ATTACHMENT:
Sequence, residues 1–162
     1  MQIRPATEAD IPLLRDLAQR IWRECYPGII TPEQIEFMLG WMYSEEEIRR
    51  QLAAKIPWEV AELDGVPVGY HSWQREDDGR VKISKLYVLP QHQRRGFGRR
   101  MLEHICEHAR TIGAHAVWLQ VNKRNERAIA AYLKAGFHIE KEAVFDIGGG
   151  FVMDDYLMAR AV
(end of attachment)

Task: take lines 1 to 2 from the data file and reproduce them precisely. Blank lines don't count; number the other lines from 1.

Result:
Sequence, residues 1–162
     1  MQIRPATEAD IPLLRDLAQR IWRECYPGII TPEQIEFMLG WMYSEEEIRR